The harmonic tremor and the drop in the harmonic tremor today. Copyright of this picture belongs to Instituto Geográfico Nacional.

Many people have been wondering why this eruption has not been seen. The fact is that depth drops quiet fast around El Hierro Island. Around 4 km out the depth is close to 1.5 to 2 km, it is only close to the island that the depth starts to get shallower. At the moment is is hard to say what happens next in this eruption on El Hierro. But more vents should be expect to open up then have already have.

I am going to update this blog post if anything changes in El Hierro volcano eruption.

What is happening in El Hierro volcano

This is a special blog post about the volcano El Hierro in the Canary Islands. The resons for this blog posts are those that this activity is interesting and there is not a lot happening at the moment in Iceland due to bad weather (nothing gets recorded in this bad weather).

Currently El Hierro volcano is a phase that I personally call a magma intrusion phase (I have no other word for it). But that means that magma is currently coming from a depth, that is more then 20 km below the volcano and up the crust directly below the volcano. It is impossible to know how long this phase is going to last. As a example this phase for Eyjafjallajökull volcano lasted for good part of 17 years (with some breaks). When the pressure is high enough in the sill that is now forming in El Hierro the magma is going to break up the surface.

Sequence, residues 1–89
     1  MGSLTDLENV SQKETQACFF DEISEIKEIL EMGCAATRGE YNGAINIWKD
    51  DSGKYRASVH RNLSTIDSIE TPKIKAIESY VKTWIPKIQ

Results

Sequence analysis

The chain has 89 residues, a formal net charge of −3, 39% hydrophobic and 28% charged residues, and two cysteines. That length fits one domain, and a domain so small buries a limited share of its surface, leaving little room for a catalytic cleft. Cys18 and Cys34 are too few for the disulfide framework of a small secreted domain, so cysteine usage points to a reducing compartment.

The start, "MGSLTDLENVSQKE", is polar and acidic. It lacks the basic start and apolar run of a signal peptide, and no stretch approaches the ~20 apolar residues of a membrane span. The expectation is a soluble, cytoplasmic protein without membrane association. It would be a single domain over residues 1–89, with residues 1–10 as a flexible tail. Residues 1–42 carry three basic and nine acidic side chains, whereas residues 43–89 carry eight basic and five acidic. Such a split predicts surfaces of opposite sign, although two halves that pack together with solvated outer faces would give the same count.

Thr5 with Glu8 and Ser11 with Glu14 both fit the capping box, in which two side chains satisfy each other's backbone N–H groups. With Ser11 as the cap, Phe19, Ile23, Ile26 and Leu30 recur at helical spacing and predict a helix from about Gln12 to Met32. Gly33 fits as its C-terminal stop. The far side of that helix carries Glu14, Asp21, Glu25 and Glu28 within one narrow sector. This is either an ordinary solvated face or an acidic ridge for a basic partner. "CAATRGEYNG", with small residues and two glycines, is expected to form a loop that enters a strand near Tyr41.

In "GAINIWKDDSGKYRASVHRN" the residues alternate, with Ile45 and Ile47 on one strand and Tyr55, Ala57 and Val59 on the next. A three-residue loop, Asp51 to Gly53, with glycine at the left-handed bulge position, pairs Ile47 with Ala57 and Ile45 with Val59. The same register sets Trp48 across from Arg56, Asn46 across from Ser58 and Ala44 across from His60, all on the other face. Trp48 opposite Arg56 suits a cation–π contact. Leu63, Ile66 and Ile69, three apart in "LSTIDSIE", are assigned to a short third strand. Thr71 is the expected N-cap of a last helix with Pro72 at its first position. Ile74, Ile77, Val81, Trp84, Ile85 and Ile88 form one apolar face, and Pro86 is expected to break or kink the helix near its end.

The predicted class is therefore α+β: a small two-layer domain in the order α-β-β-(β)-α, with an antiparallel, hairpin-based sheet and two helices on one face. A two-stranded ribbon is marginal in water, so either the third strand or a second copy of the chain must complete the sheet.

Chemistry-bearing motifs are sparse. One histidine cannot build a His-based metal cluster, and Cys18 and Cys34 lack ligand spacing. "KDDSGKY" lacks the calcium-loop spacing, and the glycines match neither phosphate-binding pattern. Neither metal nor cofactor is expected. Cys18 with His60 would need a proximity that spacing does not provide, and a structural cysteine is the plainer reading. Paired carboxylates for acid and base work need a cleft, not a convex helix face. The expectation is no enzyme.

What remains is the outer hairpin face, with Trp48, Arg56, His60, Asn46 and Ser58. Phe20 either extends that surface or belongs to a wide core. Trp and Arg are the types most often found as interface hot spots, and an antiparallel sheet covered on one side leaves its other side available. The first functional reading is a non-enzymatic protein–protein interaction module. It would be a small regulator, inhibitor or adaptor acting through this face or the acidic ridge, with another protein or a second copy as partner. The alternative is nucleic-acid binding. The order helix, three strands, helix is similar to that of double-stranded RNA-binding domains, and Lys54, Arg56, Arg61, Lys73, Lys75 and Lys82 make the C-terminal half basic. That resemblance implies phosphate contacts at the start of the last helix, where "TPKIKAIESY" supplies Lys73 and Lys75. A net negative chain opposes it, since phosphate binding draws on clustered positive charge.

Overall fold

This pattern can clearly be seen on this image here.

The magma is flowing up into the volcano at around 30 degree angle from the depth of more then 20 km. When a new magma injection starts, a new earthquake swarm starts in El Hierro. This magma injections are different in size and length. But as more magma collects into the bedrock in El Hierro the stronger earthquakes are going to take place. But this increases the pressure on the rock and inside the magma chamber that is now forming and can clearly been seen with the earthquake pattern. Copyright of this picture belongs to Instituto Geográfico Nacional.

I did see a picture that was made on Eruptions blog that did show his clearly, both the feeder channel of the magma and the magma chamber that is currently in the making. It seems that magma inflow into the new magma chamber or the sill in El Hierro is stable at the moment. But I base that view on the constant earthquakes that are currently taking place. But this magma inflow seems to have been stable since 16 July, 2011 when the magma started to push upwards into El Hierro.